I remember a few months ago as I sat at home watching daredevil Nik Wallenda walk across the Niagara Falls on a tight wire. It was amazing to see the event live on TV even though he was wearing a safety harness. I read a few comments where people gave him crap about using a safety wire for the stunt. It actually turns out that he did not want to do it with the safety wire. It was the network that was paying for the stunt that actually required it.
Either way it was amazing.
So a few weeks ago when I heard that Nik wild be doing a live stunt in Sarasota 200 feet up in the air WITHOUT A SAFETY WIRE. I had to go check it out for myself.
While my two oldest kids were at school I packed up my 6 month old and wife and headed down South. Sarasota, which is only about an hour away from my home in Tampa was a ride I have taken often so it was no big deal.
I got there about two hours before he was to start his walk and watched Nike and his team as they prepped the dozen or so volunteers that would be assisting with the rigging for the actual wire. Nik actually had volunteers hold ropes attached to his main wire to keep it steady. He told the group of volunteers during the briefing “my life is literally in your hands, thank you.”
I followed him around as he did his final checks on the equipment and as he went to get his family who were waiting in a nearby tent.
Nik was very friendly with the several thousand fans that gathered to see him perform. He also walked around and physically thanked the police officers and EMS workers that where standing by.. just in case. Other than being friendly and thankful he was also very focused. I watched as he sat down on a curb with his children underneath the 200 foot high wire dangling above and watched as he got mentally prepared for what was about to happen. To Nik and his family it was another day at work, to me and the thousands of fans watching, it was crazy.
I remember from my days as a volunteer firefighter, typically a fall greater than 30 feet is usually considered very serious. So a fall from 200ft would surely be un-survivable. Nik’s great-grandfather Karl Wallenda fell to his death on a similar high wire walk in Puerto Rico. I was hoping that didn’t happen in that day in Sarasota. Here is a clip of Karl Wallenda’s fatal walk.
I think people’s fascination with stunts and extreme sports such as car racing is the possibilities of serious injury or death. It is possibly the reason why people come out or tune in to see such events on television. Now it’s one thing watching it on TV, but being there right underneath his cable was a whole different feeling.
I along with several thousand people were literally underneath his wire as he walked 200 feet above us. If he was to fall it would surely be very traumatic to all of us and especially his family including his children that were there as well. I guess growing up with a dad like Nik, seeing him do his thing high above the ground is nothing new but to us non circus folk it was pretty crazy.
As a photojournalist my job is to tell the story and document what was happening including the possibility of him falling to his death. That was something that I did not want to see. Over the years I have seen many fatal crashes, accidents and fires but this was much different.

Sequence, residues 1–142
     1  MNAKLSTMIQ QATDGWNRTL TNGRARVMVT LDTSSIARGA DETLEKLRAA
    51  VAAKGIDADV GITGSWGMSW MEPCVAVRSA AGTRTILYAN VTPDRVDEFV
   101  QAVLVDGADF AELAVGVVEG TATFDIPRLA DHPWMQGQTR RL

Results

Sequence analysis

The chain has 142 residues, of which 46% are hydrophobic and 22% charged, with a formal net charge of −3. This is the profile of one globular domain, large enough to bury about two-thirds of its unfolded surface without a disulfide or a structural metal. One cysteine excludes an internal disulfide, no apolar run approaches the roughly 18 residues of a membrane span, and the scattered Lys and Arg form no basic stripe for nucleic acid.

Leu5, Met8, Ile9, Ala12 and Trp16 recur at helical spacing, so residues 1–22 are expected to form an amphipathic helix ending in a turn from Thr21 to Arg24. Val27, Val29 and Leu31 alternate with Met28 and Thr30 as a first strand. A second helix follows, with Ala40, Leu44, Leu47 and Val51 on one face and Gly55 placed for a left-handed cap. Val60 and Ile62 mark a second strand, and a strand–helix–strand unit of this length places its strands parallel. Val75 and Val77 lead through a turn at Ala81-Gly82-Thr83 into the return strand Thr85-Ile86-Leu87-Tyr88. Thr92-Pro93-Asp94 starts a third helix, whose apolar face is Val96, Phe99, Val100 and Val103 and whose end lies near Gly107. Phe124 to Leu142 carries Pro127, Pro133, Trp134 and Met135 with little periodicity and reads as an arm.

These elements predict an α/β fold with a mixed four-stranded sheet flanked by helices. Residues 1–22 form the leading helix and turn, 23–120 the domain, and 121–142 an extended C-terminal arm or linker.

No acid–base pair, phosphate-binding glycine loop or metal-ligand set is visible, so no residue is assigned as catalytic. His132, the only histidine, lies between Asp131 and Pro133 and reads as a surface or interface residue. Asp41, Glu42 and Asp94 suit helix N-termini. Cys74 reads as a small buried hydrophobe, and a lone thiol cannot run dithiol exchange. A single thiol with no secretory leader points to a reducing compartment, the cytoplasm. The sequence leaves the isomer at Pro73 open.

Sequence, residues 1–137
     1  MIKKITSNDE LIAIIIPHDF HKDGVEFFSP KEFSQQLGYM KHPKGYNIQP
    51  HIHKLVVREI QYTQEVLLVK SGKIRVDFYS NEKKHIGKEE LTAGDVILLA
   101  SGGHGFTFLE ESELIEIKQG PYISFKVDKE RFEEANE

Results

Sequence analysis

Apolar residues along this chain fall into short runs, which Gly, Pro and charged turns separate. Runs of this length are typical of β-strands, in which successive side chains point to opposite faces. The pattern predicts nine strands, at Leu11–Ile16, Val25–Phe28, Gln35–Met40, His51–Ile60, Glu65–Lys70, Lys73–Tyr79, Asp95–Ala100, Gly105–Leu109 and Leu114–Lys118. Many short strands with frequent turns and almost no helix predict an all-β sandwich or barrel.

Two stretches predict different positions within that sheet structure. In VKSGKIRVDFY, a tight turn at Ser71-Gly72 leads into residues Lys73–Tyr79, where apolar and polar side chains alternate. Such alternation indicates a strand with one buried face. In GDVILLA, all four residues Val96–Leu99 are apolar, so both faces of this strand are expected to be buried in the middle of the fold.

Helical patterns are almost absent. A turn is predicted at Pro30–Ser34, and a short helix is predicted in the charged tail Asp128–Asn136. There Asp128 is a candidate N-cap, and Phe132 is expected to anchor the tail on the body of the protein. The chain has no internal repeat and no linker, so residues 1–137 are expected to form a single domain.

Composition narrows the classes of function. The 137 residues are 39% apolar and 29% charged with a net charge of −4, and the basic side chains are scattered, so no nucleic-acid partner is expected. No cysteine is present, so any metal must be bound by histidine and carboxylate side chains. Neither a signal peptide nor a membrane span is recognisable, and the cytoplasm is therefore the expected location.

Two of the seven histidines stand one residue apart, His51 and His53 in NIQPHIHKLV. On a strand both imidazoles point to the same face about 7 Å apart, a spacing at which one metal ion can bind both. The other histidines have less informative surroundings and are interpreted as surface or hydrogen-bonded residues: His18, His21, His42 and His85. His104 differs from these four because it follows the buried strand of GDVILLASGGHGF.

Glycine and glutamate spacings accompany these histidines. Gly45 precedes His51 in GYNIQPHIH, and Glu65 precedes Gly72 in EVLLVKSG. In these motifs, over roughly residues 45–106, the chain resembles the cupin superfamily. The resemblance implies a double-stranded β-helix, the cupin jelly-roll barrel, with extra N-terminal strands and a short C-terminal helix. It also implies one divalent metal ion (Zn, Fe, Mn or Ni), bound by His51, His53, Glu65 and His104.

It would of been pretty traumatic seeing this friendly and grateful man surrounded by his family and friends end his life a few feet from where I was standing. However as a photojournalist you shoot everything.
As I watched Nik huddle up near the crane and pray with his family it started to hit me,the possibility of photographing him fall. In my mind I started to create my plan of coverage for what would be a very very traumatic experience for us all.
My plan.. Do not take my lense off of him the entire walk. Anything could happen at any time.
I had my Canon 70-200mm zoomed in tight and locked focus on Nik as he walked the 600ft cable. I had my center focus points and AI Servo focusing mode selected as he moved. I felt this mode would work best if he did fall, the focus would hopefully track him as he fell to the ground. Again this is something I hope did not happen, but I had to have a plan in case it did happen.
Once Nik hit the ground I would fire away, taking as many shots as possible before being moved back by police. I would then turn the camera on the thousands of fans, capturing their emotions. It would surely be an extremely sad scene as children, mothers and grown men would of gasped and even cried as they watched what unfolded in front of their eyes. It was something I definitely did not want to have to shoot, but if it happened I would.
As I approached the event I made a mental note of the location of the ambulance and where the EMS workers where stationed. I would then turn my camera to the ambulance and photograph the family as they gathered to see Nik as he was loaded into the ambulance. I really hoped everything would go well after all Nik is a seventh generation Wallenda whose family has been performing acrobatics and circuses since the 1700s. But honestly I was pretty nervous. Not only for the possibility of seeing someone like Nik fall 200ft to his death right in front of my eyes but nervous for his family especially his kids.
Thankfully he made the walk without a hiccup and amazed us all.
One challenge for me was moving along the wire as he neared the building. I had to keep my lense on Nik at the same time walk in between all of the people gathered watching is walk. I am still amazed that I didn’t trip and fall! I made sure to keep my camera on him and was able to make some decent photos. The guys who were on the roof actually made some really amazing photos but I was still happy on the ground. Here are some more shots and a video clip of the walk.
View from the roof:
View from a GoPro mounted to Nik’s balance bar: